Thursday, June 27, 2013

GCS Superintendent Fries Answers a Ton of Frequently Asked Questions

GCS Supertenfent Douglas Fries passed on this comprehensive collection of answers to some frequently asked questions (many asked several times via the Sidebar Chat). Read over them and see the district's responses. If you have a question not listed here or would like further information on any of the ones below, you can email Mr. Fries at or contact the campaign through

If the levy fails, is it possible that the state could come in and condemn some or all of our old buildings?
Repairs are more likely to be required prior to a building being condemned. However, at any time a major safety issue could cause a building to be condemned or shut down. School buildings have many ongoing inspections that must meet certain requirements. These inspections are done to maintain safety for all people using the buildings. Examples of these inspections include fire alarm and pull stations, kitchen health and safety (including freezer temperatures) waste water plant, well and domestic water at rural facilities, asbestos re-inspection (when contained in buildings) boiler, and insurance companies reviewing of the grounds and content. Any of these inspections could require districts to make repairs or maintenance to their buildings. These inspections could result in large item repairs to some of our buildings.

What is going to happen to the old buildings? As taxpayers, we want to make sure these will not continue to cost us money once they are vacated.
The old buildings will not be kept by the school district. They will either be torn down or sold. The Ohio Facilities Construction Commission will fund the demolition and abatement of the three elementary buildings along with the Junior High School if it is determined to be in the best public interest to do so. There is money allocated at the rate of 57% local and 43% from Ohio to handle the cost of demolition and abatement. The building contents can be used or sold, and the remainder of the ground could be used for green space or sold to the highest bidder. Should it be determined that the buildings have a use to the public or private citizens which will benefit the community, they could be considered for any purpose available or sold at the time.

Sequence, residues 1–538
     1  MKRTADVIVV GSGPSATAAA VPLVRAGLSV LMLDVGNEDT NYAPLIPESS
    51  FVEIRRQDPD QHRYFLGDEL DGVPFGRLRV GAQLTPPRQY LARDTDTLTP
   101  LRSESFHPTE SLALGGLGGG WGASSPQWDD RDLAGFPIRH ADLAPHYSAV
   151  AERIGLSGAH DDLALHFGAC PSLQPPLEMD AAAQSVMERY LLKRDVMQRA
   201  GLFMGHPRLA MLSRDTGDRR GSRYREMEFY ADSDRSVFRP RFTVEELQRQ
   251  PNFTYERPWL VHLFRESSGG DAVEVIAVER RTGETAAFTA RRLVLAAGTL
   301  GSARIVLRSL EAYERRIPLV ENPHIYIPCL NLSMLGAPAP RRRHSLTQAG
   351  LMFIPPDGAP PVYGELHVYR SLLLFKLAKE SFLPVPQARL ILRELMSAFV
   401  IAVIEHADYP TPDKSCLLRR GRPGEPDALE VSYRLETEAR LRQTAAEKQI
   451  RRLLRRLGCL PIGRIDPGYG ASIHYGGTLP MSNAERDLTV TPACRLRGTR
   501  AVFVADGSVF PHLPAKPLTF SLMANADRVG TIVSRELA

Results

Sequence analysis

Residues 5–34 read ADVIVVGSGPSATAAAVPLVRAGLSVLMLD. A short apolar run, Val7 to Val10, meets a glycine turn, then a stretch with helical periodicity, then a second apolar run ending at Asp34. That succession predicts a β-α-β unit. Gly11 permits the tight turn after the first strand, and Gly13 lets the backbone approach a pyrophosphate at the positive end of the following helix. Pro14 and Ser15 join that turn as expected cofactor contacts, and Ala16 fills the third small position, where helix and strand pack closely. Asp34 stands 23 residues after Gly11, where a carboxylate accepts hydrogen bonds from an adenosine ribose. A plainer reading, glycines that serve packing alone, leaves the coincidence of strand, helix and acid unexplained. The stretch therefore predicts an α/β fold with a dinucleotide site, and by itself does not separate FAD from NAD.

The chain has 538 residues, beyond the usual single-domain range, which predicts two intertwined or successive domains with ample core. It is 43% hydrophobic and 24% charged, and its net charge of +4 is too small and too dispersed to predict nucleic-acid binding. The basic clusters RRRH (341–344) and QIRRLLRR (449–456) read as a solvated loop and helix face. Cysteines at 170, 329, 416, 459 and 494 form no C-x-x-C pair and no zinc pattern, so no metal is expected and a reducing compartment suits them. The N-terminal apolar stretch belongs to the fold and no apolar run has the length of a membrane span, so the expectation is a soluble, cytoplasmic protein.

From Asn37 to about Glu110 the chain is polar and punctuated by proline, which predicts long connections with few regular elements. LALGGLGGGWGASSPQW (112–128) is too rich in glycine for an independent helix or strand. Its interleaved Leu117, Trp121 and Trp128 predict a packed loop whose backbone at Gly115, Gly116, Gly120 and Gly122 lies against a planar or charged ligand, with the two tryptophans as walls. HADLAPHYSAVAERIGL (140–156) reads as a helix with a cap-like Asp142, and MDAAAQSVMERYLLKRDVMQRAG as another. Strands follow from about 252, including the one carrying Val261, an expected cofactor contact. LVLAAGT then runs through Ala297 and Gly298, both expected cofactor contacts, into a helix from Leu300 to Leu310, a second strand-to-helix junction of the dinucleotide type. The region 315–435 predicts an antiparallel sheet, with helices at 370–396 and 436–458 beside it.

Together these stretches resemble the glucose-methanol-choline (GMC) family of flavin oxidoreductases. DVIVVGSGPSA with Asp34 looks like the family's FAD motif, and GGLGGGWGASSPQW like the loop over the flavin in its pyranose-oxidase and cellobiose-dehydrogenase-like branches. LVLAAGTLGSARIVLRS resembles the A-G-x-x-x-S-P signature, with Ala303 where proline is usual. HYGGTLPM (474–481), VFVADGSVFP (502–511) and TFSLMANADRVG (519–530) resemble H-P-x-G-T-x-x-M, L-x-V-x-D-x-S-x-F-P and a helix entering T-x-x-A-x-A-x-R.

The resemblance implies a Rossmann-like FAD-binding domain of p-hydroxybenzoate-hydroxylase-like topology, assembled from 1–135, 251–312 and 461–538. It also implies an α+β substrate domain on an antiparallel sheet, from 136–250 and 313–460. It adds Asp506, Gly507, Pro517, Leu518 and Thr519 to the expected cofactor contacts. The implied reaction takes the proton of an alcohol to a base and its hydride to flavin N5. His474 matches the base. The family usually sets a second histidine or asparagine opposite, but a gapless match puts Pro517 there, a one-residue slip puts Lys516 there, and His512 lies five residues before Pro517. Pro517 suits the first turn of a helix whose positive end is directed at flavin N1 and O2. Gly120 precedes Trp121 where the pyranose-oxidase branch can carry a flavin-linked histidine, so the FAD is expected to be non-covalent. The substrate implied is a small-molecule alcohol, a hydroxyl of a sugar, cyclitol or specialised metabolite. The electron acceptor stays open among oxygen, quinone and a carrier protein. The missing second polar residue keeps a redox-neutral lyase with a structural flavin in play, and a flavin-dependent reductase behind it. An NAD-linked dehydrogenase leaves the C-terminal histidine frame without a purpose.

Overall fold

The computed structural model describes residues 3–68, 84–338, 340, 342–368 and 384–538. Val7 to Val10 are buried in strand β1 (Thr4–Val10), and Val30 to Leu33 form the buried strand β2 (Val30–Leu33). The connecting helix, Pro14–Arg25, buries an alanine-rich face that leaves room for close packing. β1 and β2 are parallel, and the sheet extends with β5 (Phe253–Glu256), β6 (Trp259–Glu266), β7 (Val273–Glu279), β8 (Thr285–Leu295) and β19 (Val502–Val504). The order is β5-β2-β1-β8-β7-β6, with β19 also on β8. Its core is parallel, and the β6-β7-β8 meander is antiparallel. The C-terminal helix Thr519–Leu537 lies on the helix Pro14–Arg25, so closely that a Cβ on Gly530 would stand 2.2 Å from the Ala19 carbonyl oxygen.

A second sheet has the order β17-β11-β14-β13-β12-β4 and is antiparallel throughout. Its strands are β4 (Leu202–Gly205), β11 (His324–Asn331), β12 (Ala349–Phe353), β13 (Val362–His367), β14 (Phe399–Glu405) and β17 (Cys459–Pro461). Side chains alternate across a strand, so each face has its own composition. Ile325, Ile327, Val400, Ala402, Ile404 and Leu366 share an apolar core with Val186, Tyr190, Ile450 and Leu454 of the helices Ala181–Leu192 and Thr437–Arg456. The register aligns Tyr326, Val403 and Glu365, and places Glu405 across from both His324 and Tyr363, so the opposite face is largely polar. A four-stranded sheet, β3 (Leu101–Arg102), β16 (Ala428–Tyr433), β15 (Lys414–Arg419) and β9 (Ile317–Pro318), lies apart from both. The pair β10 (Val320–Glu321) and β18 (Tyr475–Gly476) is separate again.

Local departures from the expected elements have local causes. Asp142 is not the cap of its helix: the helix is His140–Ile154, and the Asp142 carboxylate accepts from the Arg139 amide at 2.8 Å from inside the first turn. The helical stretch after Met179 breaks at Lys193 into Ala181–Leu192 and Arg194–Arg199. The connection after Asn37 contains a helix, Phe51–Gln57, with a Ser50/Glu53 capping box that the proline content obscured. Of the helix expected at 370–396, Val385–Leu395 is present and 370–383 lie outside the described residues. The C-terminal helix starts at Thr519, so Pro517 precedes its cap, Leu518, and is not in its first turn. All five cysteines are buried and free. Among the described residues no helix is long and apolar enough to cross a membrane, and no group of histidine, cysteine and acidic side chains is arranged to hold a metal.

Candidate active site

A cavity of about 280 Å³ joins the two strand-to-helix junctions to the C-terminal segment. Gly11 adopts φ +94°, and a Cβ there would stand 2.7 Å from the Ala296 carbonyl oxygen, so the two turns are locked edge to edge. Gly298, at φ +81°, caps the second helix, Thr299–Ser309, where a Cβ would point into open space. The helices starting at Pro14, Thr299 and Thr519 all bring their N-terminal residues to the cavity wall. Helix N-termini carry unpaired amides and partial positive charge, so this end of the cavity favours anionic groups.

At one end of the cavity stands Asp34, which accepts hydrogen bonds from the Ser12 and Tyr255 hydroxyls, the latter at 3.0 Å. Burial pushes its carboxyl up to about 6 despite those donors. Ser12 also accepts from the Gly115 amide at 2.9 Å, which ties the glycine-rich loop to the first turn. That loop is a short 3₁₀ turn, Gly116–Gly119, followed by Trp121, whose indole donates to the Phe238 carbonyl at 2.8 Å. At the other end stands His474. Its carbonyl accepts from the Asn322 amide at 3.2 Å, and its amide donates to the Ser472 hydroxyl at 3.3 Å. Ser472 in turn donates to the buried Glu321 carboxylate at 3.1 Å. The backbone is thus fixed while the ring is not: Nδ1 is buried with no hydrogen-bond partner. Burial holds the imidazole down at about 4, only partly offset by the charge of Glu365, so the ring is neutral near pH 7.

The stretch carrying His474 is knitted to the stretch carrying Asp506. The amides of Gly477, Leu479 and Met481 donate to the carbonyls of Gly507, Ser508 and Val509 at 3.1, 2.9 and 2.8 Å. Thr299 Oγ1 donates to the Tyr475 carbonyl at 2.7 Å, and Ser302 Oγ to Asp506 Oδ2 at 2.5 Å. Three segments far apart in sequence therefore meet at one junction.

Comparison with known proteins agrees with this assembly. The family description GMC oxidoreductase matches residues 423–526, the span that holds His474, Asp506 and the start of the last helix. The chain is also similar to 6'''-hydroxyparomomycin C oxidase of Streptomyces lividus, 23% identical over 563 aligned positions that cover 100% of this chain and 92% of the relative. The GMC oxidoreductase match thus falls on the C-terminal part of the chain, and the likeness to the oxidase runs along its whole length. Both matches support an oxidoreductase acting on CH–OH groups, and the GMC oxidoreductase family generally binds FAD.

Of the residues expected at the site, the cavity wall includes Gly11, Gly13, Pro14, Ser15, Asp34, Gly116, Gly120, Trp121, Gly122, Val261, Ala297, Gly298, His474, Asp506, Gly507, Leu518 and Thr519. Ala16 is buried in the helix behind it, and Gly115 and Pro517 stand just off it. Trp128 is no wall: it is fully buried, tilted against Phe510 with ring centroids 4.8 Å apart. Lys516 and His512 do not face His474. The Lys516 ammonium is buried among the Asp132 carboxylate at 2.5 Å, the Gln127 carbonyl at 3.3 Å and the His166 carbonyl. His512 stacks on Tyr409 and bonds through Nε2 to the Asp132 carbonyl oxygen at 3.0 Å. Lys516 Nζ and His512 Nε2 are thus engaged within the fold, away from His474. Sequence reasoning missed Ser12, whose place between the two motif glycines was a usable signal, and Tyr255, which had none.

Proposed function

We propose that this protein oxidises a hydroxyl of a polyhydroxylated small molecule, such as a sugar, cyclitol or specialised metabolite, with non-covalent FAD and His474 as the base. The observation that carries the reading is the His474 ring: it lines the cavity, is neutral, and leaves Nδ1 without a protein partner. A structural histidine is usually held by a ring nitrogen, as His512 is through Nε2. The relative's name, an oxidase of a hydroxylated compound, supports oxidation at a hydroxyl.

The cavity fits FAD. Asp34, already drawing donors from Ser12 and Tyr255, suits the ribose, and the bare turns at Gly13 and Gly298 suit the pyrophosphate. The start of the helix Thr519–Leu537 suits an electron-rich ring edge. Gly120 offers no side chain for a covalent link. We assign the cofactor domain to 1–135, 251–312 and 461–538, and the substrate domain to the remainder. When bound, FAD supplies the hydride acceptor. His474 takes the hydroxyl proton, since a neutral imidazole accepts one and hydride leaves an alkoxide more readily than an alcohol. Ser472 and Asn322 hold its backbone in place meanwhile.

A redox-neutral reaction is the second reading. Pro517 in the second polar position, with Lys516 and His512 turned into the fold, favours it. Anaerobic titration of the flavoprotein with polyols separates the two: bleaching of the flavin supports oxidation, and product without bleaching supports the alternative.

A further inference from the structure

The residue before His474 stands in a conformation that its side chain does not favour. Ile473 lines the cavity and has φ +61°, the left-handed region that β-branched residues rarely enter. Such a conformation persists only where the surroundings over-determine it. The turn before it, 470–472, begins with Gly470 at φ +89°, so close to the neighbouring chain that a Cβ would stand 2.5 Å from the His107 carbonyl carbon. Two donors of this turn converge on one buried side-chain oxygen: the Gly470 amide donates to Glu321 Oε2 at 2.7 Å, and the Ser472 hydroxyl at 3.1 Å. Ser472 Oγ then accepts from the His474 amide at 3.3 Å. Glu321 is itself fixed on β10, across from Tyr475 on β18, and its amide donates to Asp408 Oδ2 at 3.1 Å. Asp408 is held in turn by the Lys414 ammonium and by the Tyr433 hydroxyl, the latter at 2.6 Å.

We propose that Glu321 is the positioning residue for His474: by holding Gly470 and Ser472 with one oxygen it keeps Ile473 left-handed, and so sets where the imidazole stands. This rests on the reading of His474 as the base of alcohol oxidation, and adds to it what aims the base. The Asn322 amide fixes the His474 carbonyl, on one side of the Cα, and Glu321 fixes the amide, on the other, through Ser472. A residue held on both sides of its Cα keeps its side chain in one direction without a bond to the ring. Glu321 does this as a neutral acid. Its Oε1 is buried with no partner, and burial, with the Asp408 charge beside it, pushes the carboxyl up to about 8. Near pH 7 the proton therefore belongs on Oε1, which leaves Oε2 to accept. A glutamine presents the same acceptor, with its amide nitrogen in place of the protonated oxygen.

Conversely, are we going to be forced by the state to tear down all of our vacated buildings? What if we want to use or sell one of the buildings? Will we be permitted to do that?
Ohio will fund 43% of the cost of demolition and abatement which is anticipated to be a total of more than $3,000,000. Each building will be assessed separately for potential community uses. The State will only share in abatement if the buildings are razed within the project. If a determination is made to demolish the buildings at a later date, it would be entirely on the taxpayers to fund such a project.

The entire Board of Education is behind the Superintendent and endorses this School Bond Issue and our community seems to be pulling together to support it. What is different about this election than the ones in the past?
The entire Board of Education and Administration is in full support of this bond issue. The Board of Education voted unanimously to bring the issue to the public. What is different is the millage is less, and there is no income tax. The project is funded over 37 years for the bond issue, rather than the 28 years used in prior elections, and the added years have reduced the amount of taxes annually. Interest rates are lower, also contributing to a lower individual tax. Finally, there is more of a need today to upgrade facilities to improve security and safety.

Does our new superintendent have experience with passing levies for new schools and renovations to existing buildings?
Mr. Fries was the junior high school assistant principal for one year and junior high principal for two years at Piqua when they constructed and opened a brand new junior high school. He assisted in the coordination of moving two junior high schools that stood separate for 60 years into one new single junior high school. After being a part of opening the building, he oversaw the completion of the entire punch list of more than 400 items to the building.

Mr. Fries was a superintendent for 11 years at Lincolnview Local Schools in Van Wert and completed an entire building project which included a new 7-12 building and a renovated elementary. He completed this project with Garmann Miller Architects and Engineers. This was a $21,000,000 dollar project that came in on schedule and under budget. This project was also through the OFCC, as is the proposed Greenville project.

What upgrades will be done at the high school?

  • New roofing
  • Plumbing and fixture upgrades
  • Window replacement
  • Security system improvement
  • Handicapped accessible doors
  • Technology upgrades to cabling